Charles Abugre works with the Third World Network based in Accra, Ghana. This Network brings together groups and individuals who seek greater articulation of the rights of the peoples of the Third World.

Carlos Heredia works with Equipo Pueblo; which works towards the economic and political democratization of Mexico. In particular, the Equipo proposes alternate development policies and the rising civil democracy movement in Mexico.

Antonio Otzoy, the secretary of the Mayan Hermandad, a section of the Presbyterian Church of Guatemala, will speak about the emerging civil societies in Guatemala, in particular the Assembly of Civil Sectors.

Also participating in this week's discussion of alternatives are Clara Alonzo, who is with the Federation of Cuban Women and Paulino Mesa Cardenas and Barbara Sarria Aparicio, who work with the National Communications Union of Cuba.

Two members of the Nicaraguan National Farmers' Union, Martha Valle and Zayda Rayo, will participate in the Fish and Chips event, and meet with Nova Scotian fishers and farmers.

One of the Marquee speakers, Dr. Vandana Shiva, will speak about the choosing between a community based "people's economy" or a free-trade based "global economy". A physicist, philosopher of science, and activist, Dr. Shiva is deeply engaged in the ecological, social and economic struggles of subsistence workers in India. Of late, she has focused on protecting farmer's rights to their own seed stock, and exposing threats to the world's farmers through global trade liberalization.

Bob White, President of the Canadian Labour Congress, and David Suzuki, distinguished journalist and broadcaster are veterans of global politics. Bob White will bring the perspective of a leader who has fought to put social, environmental and economic justice on the agenda both in Canada and abroad. David Suzuki, currently with the Sustainable Development Research Institute, is well known for his work in support of Canada's Native people.

The People's Summit also wishes to extend a welcome to Dora Essaka-Deido from Cameroon, Patrick Budhoo of Guyana, members of the Seneca, of the Innu, of the Mi'Kmaq First Nations, and many more activists and concerned individuals for change and positive growth from the United States, England, Ecuador, and India.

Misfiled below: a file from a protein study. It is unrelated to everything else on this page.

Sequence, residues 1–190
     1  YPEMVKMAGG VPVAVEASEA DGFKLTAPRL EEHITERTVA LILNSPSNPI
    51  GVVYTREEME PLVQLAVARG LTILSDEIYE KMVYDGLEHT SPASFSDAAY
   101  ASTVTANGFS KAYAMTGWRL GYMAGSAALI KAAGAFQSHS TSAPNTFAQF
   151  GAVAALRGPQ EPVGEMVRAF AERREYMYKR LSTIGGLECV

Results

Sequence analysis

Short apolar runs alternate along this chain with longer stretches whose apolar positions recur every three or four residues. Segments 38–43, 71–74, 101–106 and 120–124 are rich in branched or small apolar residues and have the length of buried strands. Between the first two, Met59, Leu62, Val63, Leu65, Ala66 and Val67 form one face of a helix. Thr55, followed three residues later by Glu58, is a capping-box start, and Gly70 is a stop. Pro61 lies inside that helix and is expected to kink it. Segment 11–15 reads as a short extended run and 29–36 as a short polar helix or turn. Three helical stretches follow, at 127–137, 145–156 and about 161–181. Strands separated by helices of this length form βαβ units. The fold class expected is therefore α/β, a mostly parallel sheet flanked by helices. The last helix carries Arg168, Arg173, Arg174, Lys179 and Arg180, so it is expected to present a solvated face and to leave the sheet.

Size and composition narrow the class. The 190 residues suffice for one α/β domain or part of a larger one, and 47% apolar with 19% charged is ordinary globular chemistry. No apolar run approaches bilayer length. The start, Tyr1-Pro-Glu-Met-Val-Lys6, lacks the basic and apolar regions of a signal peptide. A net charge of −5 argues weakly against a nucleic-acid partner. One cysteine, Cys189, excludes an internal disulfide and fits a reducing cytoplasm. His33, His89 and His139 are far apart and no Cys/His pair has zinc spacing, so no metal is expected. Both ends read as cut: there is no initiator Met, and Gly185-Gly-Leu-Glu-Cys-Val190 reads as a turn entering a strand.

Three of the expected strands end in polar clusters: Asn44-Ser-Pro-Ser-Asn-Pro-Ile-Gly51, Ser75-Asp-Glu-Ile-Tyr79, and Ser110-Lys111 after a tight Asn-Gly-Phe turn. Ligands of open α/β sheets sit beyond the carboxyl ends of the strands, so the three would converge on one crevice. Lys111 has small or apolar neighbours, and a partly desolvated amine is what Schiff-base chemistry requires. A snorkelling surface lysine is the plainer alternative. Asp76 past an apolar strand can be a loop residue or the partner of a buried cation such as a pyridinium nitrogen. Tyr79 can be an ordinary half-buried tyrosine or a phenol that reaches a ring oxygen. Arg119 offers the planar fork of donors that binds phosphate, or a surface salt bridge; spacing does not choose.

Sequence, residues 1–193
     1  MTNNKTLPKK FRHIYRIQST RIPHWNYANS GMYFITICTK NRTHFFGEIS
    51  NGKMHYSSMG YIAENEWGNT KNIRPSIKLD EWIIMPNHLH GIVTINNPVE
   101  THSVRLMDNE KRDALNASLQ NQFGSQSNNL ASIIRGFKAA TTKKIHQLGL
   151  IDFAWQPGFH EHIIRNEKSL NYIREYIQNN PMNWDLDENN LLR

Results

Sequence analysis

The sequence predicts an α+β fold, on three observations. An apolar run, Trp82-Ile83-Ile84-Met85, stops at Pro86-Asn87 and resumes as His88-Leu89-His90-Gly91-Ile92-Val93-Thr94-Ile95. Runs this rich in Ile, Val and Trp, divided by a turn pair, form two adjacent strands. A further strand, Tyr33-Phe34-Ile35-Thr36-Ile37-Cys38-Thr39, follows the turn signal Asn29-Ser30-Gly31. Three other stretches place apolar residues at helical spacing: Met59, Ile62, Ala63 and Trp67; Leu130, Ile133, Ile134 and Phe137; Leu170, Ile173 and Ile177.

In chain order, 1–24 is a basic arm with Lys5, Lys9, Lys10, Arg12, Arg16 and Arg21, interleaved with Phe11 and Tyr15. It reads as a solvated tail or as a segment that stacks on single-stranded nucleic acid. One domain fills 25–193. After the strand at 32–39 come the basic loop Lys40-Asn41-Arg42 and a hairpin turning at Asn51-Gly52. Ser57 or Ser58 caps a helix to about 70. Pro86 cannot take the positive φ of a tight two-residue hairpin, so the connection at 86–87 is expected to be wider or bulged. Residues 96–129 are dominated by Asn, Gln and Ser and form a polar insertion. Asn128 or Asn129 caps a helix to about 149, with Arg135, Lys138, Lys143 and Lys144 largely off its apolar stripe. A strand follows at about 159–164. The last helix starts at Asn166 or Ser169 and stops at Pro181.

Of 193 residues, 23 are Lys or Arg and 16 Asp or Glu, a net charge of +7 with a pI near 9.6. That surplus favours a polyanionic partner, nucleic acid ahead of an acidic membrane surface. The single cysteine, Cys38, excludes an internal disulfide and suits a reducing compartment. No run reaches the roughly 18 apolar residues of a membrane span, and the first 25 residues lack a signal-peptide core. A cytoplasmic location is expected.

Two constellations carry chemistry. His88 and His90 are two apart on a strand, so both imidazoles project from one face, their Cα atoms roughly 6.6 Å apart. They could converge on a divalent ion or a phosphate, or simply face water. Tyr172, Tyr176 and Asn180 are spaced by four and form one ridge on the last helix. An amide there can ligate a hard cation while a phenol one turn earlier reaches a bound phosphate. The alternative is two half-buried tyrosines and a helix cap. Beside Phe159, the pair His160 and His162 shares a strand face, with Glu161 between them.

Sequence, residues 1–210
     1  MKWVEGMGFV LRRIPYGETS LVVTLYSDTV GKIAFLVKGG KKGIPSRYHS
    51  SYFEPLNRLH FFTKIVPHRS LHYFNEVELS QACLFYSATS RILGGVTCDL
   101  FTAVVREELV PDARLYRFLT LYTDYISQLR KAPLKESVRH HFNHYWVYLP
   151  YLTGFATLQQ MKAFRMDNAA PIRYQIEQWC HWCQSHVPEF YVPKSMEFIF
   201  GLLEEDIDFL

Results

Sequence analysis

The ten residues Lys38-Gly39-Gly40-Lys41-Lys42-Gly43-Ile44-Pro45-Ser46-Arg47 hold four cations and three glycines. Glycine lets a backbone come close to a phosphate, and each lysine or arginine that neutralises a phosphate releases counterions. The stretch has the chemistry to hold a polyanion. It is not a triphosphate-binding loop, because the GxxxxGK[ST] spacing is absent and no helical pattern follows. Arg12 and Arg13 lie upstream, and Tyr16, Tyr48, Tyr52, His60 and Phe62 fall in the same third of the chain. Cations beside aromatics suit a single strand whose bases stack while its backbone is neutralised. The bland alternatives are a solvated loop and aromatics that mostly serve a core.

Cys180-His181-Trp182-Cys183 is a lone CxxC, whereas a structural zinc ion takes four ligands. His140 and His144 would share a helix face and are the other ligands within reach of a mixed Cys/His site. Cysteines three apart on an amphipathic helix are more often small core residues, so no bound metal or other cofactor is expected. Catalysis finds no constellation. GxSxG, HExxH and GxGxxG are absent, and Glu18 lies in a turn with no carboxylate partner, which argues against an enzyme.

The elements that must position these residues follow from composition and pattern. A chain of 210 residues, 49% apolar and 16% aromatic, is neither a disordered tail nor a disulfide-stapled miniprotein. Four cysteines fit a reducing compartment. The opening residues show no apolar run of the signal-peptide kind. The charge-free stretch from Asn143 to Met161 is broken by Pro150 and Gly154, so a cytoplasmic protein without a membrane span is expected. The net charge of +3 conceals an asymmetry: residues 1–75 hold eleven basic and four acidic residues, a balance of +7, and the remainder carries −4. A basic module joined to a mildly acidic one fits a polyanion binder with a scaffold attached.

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Canada Silent on Children's Reports

A good example of the G-7's unwillingness to address the real issues facing our globe is the Canadian government's recent review of its foreign policy. Although Canada is a signatory to an important international agreement, the Convention on the Rights of the Child, the convention is not mentioned once in the report on the review." Canada is silent on these issues," says Michael Noonan, Chair for Education for Development with UNICEF Nova Scotia. "The G-7 is focussing on economic issues and trade flows. It is not focussing on the flow of human rights that needs to accompany international development."

Noonan also argues that people need to become more involved to ensure that governments and corporations respect children's rights.

"An important message to the G-7 leaders", says Noonan, "is that they need to remember they have all signed and/or ratified the Convention on the Rights of the Child. They should start living up to their convention commitments."

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Barlow: Sounding the Alarm on "Re-inventing Government"

Maude Barlow, the National Volunteer Chairperson of the Council of Canadians, spoke Sunday night at Saint Mary's University. She grips her audience with a startling vision of the new "corporate agenda that is radically reshaping the political environment of Canada and the rest of the world. The essential message is an alarm to citizens to protect their rights and those of future generations from the product of 20 years of right wing think tanks invoking the term " the re-invention of government".